Derin, Defne day 3

Whatever plans were in store for today were rapidly thrown out and the day was allowed to evolve according to snow, weather and willing participants. Defne began the day upbeat and positive. I’d previously remarked on how her confidence goes up and down in big swings and so it was good to see a positive swing today. I’ve noticed the pattern before that a bad day always follows a very good day – and a good day always follows a very bad day. Defne was cautious about going off-piste but willing to give it a go. Fortunately the fresh overnight snow was soft and powdery so it was ideal for developing confidence.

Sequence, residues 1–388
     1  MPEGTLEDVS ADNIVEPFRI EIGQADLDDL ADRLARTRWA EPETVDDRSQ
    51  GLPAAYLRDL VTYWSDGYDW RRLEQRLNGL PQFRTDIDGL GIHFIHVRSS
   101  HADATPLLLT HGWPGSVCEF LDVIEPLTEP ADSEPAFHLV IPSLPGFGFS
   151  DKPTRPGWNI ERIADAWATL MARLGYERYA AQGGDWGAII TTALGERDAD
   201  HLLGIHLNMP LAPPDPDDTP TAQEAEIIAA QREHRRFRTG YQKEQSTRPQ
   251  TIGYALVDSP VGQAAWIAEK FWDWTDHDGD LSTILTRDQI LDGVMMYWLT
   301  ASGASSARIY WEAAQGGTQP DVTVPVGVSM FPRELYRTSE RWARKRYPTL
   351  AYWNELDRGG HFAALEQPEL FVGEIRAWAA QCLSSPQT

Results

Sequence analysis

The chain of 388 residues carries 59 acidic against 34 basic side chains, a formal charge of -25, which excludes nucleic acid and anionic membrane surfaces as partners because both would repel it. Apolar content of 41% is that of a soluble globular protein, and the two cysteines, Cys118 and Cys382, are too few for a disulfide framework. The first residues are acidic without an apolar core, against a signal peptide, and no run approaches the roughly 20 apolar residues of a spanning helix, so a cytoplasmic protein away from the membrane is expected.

Defne asked me if the jumping that we used in the race course “pivots” also applied off-piste. This is why I never like to plan lessons because Defne’s question was perfectly timed and allowed me to see an alternative continuation from the race course lesson straight into developing off-piste technique. We had worked on various aspects of pivoting but the jumps had been made very deliberately – though in a real race situation the jump is more often a rebound or spring from the skis. For off-piste the same effect comes from a bouncing of the skis in a manner resembling a trampoline – due to the entire ski base loading up and bouncing the skier back up out of the turn. Once the skier is bounced up the skis are unweighted and this permits an easy start to the pivot in the direction of the new turn. To begin to learn this we found gentle gradients where we could straight run and just bounce to feel the resistance of the snow slowing us down and develop a feel for the bounce of the skis. Defne picked this up quickly and moved on to introducing the pivot effortlessly. Sometimes she forgot to bounce before pivoting but again she quickly realised that it was best to get the bounce first because it makes the pivot much easier. I explained that the skis hardly need to turn at all and that this is a good example of “fall-line” skiing – where we avoid turns that sweep across the hill as in carving. We eventually moved onto a slightly steeper gradient with deeper snow. Despite the snow being very slow, perhaps fast walking pace when running straight downhill and the gradient not being very steep, Defne had a confidence crisis and was visibly scared. I gently encouraged her because it was genuinely safe and she managed to point herself downhill and let the skis run. Defne later opened up to me about her fear and said that she couldn’t explain it because she knew it was safe and that she wouldn’t go fast and that even falling wouldn’t hurt in the deep soft snow. In return I explained to Defne that most fears are irrational and we often can’t explain them. There is nothing to be ashamed about because such fears can visit anyone when they least expect it. Fear is something that every healthy person experiences. When we have fear and manage to still do what we have to do then we call that “courage”.  I explained to Defne that I was very proud of her courage in overcoming her fear today and that she should be proud of that too. Normally the only way to easily overcome irrational fears is to prepare for them in advance – especially when we know from experience that they are likely to appear. On the return home we skied fast on piste over bumps and through crowds of skiers and boarders and Defne never hesitated – staying close to me the whole way non-stop. That was another display of courage. Courage grows if we practice it – just like physical skiing skills grow if we practice them. Derin began the day by telling me she didn’t want to go to slalom. I asked her who was boss and she admitted that I was – but she knew that she was going to get her way anyway.  I asked how her sore throat was today and she replied “eh!”. I said that “eh!” doesn’t mean anything in English so could she please explain that – to which she refused stating that there was no way to explain “eh!”. I then replied to her that I thought her skiing was “orhhh!” To which she replied “Thank you!”. I could see how this session was going to go. Derin could not repeat the same lesson as Denfe because she could hardly move in the soft snow as she simply doesn’t have the body mass for gravity to pull her through it. With the combination of snow resistance and wind resistance we had a fair bit of waiting, skating and towing to do today. In the end, without Derin realising it I was the one who got my way because she ended up doing slalom all afternoon – by skiing in my tracks off-piste. Depending on the depth of snow and gradient I modified the turn radius so that she would end up about the right speed when following me in my tracks. We did three complete off-piste excursions beginning with a classic flat and easy one and eventually ending up on some really steep (short) pitches and some deep fresh snow. Derin followed me over everything – with amazing competence and only one very minor fall all afternoon. I deliberately aimed for some very gnarly snow and very steep drops and all I could hear behind was her giggling and yelping for joy! To be honest I was amazed that she could follow me. By the end she could ski at my own normal pace right behind me (in my tracks) in deep untracked snow over long sections. She was totally worn out by the end but that’s not a surprise. We had a hot chocolate stop when her feet were too cold (due to being in deep snow all afternoon) and she already wanted to go to sleep then! It was clear that the work in pivoting was shining through though she was really unaware of that herself.

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